The Jets and Buccaneers last season were the first two NFL teams since 1986 to start 8-3 and not make the playoffs. And as far as the Green & White are concerned, new coach Raheem Morris and the Bucs stop here. The Jets have won eight of nine overall and the last six in a row. Included in that streak was their last game in Tampa, the 2000 Wayne Chrebet/Keyshawn Johnson “flashlight game,” in which they rallied to win, 21-17. The Jets defense aims to slow the likes of TE Kellen Winslow, former Jets draft Derrick Ward at RB, and ex-Jets K Mike Nugent.
Sunday, Dec. 20 — vs. ATLANTA, TBA
The teams are meeting for the 10th time ever (Atlanta leads the series, 5-4) and at the Meadowlands for just the second time in 20 seasons. The only other occasion was a 28-3 rout of the Falcons and ancient Steve DeBerg in 1998. This time around it will be against a much younger QB in Matt Ryan — who reminds recently signed LB Mike Peterson of a young Peyton Manning — leading the Hot-lanta offense and with Abraham returning to his first NFL home to try to crash the Jets’ party and pick their pocket.
Sunday, Dec. 27 — at Indianapolis, TBA
This will be the Jets’ first game against the real Peyton Manning and the Colts since 2006, their first visit to Indianapolis since 2003 and their first game ever in two-year-old Lucas Oil Stadium. The Green & White are 4-7 all-time against Eli’s older brother. This could be an interesting chessmatch between edge rushers. The Jets’ new defensive scheme will attempt to assault the blockers who have made Manning the best-protected QB since 1998 (one sack every 30.1 dropbacks). And Colts DEs Dwight Freeney and Robert Mathis will lead the charge against the Jets’ O-line, back intact for a second straight year.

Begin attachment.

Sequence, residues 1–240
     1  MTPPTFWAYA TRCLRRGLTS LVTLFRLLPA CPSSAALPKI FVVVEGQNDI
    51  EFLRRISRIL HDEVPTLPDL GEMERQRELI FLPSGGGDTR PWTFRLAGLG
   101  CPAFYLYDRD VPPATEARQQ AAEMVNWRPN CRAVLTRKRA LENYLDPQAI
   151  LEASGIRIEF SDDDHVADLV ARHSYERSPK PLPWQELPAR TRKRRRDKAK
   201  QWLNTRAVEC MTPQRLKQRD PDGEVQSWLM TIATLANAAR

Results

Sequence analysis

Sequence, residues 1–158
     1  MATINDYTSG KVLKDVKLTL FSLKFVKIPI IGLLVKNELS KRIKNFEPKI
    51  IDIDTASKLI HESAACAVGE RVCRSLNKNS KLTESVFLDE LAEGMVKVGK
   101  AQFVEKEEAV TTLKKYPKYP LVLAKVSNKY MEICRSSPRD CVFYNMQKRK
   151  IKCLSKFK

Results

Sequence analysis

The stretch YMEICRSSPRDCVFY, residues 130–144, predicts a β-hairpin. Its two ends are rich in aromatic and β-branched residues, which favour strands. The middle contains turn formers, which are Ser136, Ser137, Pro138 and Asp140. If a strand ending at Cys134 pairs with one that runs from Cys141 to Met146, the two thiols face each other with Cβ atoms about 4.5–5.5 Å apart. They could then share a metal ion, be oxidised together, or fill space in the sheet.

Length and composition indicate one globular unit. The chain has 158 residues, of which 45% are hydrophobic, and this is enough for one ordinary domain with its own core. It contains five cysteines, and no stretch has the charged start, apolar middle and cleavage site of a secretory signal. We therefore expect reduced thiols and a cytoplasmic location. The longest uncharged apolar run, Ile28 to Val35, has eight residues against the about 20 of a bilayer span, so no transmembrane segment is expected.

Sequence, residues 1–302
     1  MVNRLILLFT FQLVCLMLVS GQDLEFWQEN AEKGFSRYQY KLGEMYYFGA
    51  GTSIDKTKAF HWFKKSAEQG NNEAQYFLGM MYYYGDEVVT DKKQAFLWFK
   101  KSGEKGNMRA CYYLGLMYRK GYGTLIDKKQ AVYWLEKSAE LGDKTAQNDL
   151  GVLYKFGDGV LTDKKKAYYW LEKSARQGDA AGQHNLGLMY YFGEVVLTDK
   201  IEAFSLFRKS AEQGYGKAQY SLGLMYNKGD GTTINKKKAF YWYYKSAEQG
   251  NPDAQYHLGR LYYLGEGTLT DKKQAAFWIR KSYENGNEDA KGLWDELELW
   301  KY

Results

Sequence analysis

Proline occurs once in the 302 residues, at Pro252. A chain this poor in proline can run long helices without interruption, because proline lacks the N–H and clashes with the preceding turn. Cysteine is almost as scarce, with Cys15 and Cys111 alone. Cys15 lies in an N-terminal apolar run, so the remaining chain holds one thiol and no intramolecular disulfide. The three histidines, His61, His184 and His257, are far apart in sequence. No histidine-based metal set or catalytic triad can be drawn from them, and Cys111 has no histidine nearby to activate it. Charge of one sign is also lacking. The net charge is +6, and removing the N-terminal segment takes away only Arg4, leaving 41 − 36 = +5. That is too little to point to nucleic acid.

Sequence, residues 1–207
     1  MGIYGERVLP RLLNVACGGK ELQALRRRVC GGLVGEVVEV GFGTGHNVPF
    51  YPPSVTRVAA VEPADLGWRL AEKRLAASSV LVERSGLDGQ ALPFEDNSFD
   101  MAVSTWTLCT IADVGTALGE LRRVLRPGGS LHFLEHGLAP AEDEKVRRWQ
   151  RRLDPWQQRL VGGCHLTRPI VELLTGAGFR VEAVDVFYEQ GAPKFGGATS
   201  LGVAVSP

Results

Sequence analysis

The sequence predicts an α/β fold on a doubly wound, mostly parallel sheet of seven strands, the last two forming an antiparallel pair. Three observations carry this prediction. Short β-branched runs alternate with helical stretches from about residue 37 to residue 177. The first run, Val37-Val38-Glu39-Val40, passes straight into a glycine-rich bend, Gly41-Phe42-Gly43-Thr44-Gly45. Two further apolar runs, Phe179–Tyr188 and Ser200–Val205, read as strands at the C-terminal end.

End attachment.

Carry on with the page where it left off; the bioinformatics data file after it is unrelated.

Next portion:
Sunday, Jan. 3 — vs. CINCINNATI, TBA
The teams meet for the third straight year in a series that has gone the Jets’ way for two decades. The Green & White have won six of the past seven overall and have triumphed all seven times they’ve met at the Meadowlands, including last year’s 26-14 victory. The Bengals figure to have Carson Palmer, not Ryan Fitzpatrick, back behind center and old Meadowlands hand Laveranues Coles at split end. On defense, the Jets won’t mind if MLB Dhani Jones tackles the globe as long as he bounces off Pro Bowl RBs Thomas Jones and Leon Washington on a few key runs.
All I can say is that if the Jets can find a way to win enough games to get to the playoffs, they will be as battle tested as anyone in the league. This will be a good test, let’s hope they pass.